One of our favorite daily news sources tells us how household chores actually brings several benefits for children-“Giving children household chores at an early age helps to build a lasting sense of mastery, responsibility, and self reliance….adolescents who began chores at ages 3 and 4 were more likely to have good relationships with family and friends, to achieve academic and work success, and to be self sufficient, as compared with those who didn’t have chores or who started them as teens.” Read more here!
Source: Wall Street Journal
May your day be touched by a whole lot of Irish luck!
Ever share too much information? WSJ calls it BYB—Blabbing Your Business. Thanks to social media channels and reality TV, where it’s perfectly normal (& expected) for people to share every single detail of their daily lives, we have a generation of kids and teenagers who find it difficult to distinguish between appropriate topics for small talk and serious disclosures.
Now there are many events that occur in our lives, and some of these deserve to be shared and boasted (I mean, if you run into Taylor Swift at the mall, you’re going to want to share that with everyone)! But then there are some events which are best kept to ourselves, or at least within the circle of our closest friends and family. The current state of our parent’s divorce, that nasty rumor about Becky (which you don’t even know is true or not), or the minutiae of past indiscretions are among the many topics best not discussed with classmates, at social gatherings, or with strangers on the street. Fashion, sports, current events, and other common interests not involving personal topics are all appropriate subjects for small talk and social media sharing.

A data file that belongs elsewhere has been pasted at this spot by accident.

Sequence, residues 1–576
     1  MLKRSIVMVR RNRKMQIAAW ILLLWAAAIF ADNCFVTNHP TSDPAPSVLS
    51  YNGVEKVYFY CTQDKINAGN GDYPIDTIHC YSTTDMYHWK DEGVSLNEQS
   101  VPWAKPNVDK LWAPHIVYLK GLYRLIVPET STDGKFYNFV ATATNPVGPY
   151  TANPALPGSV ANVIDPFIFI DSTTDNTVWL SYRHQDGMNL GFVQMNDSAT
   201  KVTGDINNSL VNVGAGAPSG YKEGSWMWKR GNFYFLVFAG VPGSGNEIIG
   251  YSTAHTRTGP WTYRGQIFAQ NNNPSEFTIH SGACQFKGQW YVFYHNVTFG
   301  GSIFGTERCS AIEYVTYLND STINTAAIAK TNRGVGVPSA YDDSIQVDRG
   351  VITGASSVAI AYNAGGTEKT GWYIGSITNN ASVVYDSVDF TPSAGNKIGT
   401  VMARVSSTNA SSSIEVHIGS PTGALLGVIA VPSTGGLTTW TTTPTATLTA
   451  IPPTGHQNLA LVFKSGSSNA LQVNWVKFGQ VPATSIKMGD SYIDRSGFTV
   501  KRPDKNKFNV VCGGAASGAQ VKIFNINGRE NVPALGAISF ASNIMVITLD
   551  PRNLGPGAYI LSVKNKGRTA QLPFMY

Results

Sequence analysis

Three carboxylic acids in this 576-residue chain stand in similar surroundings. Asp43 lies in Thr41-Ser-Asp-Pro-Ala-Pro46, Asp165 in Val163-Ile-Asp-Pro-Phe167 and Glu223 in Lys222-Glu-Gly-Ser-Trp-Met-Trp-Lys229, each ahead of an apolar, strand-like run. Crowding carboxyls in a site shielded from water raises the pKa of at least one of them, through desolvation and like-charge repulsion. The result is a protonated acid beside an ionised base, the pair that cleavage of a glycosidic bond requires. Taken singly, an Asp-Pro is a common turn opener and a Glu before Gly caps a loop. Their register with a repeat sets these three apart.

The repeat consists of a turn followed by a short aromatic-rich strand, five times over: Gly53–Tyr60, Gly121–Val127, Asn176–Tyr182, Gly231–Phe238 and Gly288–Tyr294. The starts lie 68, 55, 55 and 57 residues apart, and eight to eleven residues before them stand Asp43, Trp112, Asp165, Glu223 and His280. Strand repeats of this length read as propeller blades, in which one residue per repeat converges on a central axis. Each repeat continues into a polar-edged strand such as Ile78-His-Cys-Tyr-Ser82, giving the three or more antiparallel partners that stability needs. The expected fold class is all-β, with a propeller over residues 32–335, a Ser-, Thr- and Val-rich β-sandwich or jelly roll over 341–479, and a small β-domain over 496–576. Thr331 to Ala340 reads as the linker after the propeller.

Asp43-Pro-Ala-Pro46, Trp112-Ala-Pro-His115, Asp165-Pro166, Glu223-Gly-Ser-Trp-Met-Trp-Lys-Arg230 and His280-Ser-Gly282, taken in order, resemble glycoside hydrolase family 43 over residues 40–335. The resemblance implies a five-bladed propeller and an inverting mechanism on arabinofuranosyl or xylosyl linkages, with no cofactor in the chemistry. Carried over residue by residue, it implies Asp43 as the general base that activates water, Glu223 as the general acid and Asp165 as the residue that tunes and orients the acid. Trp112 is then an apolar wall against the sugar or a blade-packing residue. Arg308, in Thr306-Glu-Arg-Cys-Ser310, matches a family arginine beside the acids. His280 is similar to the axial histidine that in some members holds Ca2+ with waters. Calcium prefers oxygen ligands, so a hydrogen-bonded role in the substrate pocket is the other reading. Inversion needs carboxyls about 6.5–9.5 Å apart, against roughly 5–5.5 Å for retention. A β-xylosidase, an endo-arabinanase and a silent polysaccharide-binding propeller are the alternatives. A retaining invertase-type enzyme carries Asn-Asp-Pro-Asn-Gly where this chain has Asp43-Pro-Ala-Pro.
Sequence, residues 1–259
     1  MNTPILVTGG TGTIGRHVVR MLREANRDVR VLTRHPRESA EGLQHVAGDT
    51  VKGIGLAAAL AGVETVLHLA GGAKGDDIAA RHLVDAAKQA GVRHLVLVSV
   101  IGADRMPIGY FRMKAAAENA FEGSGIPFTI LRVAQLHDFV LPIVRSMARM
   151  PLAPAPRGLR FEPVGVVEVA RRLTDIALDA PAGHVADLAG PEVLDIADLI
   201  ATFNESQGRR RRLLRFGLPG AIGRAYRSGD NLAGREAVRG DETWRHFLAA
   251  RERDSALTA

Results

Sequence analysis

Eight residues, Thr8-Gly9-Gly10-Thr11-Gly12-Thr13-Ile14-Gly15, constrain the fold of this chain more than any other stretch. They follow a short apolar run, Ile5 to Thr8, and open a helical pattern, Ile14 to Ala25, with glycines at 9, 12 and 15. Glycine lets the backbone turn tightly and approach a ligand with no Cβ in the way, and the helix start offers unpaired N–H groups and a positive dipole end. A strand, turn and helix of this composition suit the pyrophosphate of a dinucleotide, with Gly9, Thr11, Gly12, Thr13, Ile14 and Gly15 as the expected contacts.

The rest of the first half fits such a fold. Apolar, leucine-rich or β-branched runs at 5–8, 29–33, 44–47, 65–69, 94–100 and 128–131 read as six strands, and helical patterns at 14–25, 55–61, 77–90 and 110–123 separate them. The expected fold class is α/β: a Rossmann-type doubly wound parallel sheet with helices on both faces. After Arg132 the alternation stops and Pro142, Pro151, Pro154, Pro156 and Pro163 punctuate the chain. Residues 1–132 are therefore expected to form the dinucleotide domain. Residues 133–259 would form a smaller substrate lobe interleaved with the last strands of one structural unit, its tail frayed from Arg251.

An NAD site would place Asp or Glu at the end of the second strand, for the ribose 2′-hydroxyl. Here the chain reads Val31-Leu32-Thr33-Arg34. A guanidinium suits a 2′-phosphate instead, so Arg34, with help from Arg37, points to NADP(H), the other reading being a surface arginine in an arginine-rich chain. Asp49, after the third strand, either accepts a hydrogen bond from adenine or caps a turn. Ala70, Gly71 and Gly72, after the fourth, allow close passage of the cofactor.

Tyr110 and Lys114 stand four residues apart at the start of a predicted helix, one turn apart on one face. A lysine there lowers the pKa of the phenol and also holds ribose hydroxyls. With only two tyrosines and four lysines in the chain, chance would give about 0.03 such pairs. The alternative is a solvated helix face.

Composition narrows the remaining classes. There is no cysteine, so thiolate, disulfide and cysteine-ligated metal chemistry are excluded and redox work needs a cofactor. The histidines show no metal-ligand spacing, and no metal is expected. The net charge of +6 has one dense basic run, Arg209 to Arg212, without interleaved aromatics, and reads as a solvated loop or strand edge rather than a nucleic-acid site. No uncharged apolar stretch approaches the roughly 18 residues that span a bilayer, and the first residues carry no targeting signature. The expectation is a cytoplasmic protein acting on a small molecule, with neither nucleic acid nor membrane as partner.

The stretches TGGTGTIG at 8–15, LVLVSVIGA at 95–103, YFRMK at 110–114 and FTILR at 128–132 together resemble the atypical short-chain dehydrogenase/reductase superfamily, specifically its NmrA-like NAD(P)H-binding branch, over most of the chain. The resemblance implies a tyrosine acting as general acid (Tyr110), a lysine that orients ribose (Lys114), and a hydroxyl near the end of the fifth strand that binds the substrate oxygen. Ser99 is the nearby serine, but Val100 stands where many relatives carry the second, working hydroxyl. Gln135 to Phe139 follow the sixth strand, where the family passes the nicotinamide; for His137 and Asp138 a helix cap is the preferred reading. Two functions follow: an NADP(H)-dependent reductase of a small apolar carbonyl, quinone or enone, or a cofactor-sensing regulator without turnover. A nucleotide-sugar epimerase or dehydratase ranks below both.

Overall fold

To learn more about the Circles rules of social boundaries, including how to: TALK to, TRUST, & TOUCH people in your different Circles, click here!
Sometimes we just need a little Monday Motivation!
Chester has a busy day ahead of him teaching kids social skills, social boundaries, conflict resolution, and much more!
Does having a puppy, cat, turtle, or even a guinea pig around increase the chances that kids with autism will engage socially with the people around them? A study found that kids with autism were more likely to talk, make physical contact, & look at other people’s faces with the presence of animals in comparison to toys. Read the full study here!
Source: Disability Scoop